Join Date: Jan 2005
Home Port: Darwin
Vessel Name: Sandettie
The Festive Season With a Difference
By no specific intention, I have spent the past three Christmas periods outside of Australia. One was spent in Japan, one in Thailand and this one, in Laos.
When I was a child in the 50s, Christmas had on overtone of religion, and the pre Christmas period started with lights being strung at the end of the first week of December. Department stores went overboard in providing a spectacular display, communities staged parades and the event had not yet been hijacked from the church, by the retail trade.
Christmas in the west, now starts in September and is seamlessly welded to Easter which apparently commences on the same day that Santa is retired for the next eight months; and while I am not a religious person, I miss the message and the story which the church promotes.
I discovered an irony of asian Christmas in Japan, a buddhist country. The benefit of Christmas to Japanese retailers is obvious. It extends the New Year ritual of gift giving. Japanese have taken to the jolly fat bastard with relish. While there is no overt religious message, the sentiment is clear. Peace and goodwill is tirelessly promoted in a sedate and respectful manner, whilst the merry japlanders buy up big.
It reminds me of Christmas when I was a child. In Japan, the lights are lit on about the 14th of December and are taken down before New Year. Santa looks wonderful in a plush red suit, trimmed with thick white fur and the carols are not played endlessly for months at a time in exploitative, monopolistic supermarkets selling cheap Chinese crap.
In Thailand, there was a similar feel. Thailand professes Buddhism, but does not necessarily follow its dictates. Christmas in Thailand is an event which both arrives and leaves in December. And, it is somewhat tacky. Not tacky in a western, retail sense; rather it has much to do with the I-couldn't-give-a-damn, Thai attutide characterised in their oft repeated saying 'mai bpen rai'. Translated, this essentially means much the same as a long, sad sigh, uttered by any woman who has lived for too long with a drunken husband, in a caravan (US-read 'trailer) park, at the end of a dirty, dead end road.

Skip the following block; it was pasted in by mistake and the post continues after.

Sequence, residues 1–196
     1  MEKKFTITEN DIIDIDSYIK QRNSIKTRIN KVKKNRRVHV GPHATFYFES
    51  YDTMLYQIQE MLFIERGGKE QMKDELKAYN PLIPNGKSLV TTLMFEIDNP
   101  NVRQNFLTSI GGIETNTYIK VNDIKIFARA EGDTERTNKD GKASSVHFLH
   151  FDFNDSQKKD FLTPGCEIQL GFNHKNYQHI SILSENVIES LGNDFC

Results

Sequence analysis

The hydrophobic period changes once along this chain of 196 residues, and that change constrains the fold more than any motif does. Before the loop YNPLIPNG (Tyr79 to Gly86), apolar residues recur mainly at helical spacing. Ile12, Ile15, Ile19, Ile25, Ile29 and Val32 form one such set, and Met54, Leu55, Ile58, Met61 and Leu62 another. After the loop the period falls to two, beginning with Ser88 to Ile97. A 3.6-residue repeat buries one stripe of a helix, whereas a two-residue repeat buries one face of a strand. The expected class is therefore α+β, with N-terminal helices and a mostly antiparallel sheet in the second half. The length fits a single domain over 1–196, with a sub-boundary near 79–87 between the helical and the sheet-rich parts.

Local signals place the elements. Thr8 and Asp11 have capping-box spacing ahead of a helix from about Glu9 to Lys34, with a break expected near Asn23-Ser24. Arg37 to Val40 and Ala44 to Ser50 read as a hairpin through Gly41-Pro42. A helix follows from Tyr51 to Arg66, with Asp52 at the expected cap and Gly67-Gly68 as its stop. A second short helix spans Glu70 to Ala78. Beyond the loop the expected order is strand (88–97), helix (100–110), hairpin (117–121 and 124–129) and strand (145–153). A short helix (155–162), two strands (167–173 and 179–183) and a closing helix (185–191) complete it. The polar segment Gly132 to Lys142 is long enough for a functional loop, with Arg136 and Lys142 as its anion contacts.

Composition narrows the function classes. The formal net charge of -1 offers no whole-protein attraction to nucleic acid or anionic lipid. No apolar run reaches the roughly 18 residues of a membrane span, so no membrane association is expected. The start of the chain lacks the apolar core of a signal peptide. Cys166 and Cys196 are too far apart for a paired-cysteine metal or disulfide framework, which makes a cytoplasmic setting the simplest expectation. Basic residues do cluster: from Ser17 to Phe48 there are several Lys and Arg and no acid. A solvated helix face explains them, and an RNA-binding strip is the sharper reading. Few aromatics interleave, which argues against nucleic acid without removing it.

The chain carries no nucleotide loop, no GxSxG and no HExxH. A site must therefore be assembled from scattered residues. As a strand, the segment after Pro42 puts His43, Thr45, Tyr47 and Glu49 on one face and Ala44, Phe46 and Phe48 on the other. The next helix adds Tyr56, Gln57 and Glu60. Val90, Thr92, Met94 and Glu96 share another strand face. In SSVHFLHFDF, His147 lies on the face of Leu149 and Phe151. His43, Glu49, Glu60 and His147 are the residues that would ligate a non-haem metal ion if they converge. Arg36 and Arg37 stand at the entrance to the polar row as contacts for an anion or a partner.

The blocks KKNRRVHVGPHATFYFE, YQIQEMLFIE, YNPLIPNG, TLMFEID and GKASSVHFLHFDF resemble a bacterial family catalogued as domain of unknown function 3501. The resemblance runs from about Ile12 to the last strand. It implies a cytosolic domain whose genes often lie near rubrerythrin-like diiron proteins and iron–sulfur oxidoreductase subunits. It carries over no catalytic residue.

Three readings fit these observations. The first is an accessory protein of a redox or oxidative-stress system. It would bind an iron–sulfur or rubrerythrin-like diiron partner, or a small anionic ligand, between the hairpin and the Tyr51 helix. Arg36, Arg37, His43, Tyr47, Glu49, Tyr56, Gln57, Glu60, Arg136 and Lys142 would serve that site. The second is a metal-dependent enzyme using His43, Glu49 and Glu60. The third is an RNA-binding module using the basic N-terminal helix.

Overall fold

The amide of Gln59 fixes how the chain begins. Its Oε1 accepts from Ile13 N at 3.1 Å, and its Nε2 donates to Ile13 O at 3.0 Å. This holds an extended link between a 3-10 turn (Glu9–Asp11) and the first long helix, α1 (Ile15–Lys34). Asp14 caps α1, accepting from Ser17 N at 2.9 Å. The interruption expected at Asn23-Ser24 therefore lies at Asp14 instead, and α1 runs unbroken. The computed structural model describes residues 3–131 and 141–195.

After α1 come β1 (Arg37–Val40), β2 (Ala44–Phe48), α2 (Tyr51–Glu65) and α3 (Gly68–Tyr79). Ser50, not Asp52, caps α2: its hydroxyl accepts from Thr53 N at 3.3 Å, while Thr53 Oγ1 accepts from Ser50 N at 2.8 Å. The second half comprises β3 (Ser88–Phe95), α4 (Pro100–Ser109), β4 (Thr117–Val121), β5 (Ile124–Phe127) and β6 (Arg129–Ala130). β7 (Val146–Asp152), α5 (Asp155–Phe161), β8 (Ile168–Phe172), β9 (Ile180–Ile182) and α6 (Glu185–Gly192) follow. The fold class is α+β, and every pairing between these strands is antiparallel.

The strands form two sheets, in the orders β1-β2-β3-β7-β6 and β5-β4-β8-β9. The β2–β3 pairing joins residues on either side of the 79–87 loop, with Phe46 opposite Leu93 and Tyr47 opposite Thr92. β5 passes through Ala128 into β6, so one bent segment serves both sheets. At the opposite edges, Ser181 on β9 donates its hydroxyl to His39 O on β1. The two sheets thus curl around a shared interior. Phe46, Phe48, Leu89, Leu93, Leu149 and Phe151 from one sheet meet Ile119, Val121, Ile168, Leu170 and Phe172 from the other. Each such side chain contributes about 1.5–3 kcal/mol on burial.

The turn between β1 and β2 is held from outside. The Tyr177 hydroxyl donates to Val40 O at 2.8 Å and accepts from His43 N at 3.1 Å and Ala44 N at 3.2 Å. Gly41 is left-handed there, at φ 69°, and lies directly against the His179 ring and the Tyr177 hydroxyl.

This year I am in Vientiane. The capital of Laos. The scene of the war that never was. Vientiane is a small capital of just 200,000 people. Laotians are warm, simple and genuine people who have been screwed over by a succession of countries with imperial ambitions.
Laos is a Marxist/Leninist, single party communist state. Yet, the Buddhist fire burns bright in the souls of its inhabitants. I have not seen a Santa, a Christmas tree; no frenzied retail rip-offs and indeed, it appears there is no concept of the Christmas period whatsoever.
Except.....I have joined a casually formed group of likeminded souls determined to celebrate the season. There are two other Aussies, two Kiwis, a South African, a Slovenian couple. There's a Frog, three Poms and a Belgian.
Together we have found a small bistro run by a American expat married to a Laotian girl. He is going to cook us a roast dinner. We have found some reasonable plonk (US-wine) and joy of joys, we have found two rich, dark fruit cakes which, when nuked in a microwave and served with 'creme anglaise' will do wonderfully as a Christmas pudding.
In the absense of piped carols, we have had to produce songsheets and learn some words. Zivorad and Niki from Slovenia have a squeeze box, JD from the US has a miniature guitar and we will sing, eat, drink and be merry, and will pass out small presents in a distinctly old fashioned way. Niki is also a staunch orthodox Christian who has promised a short narrative on the reason why Christmas exists.
Who would have thought one would need to travel to a tropical,backward, communist country to rediscover a traditional Christmas? It may well be one of the best yet.
"if at first you don't succeed....Redefine success"!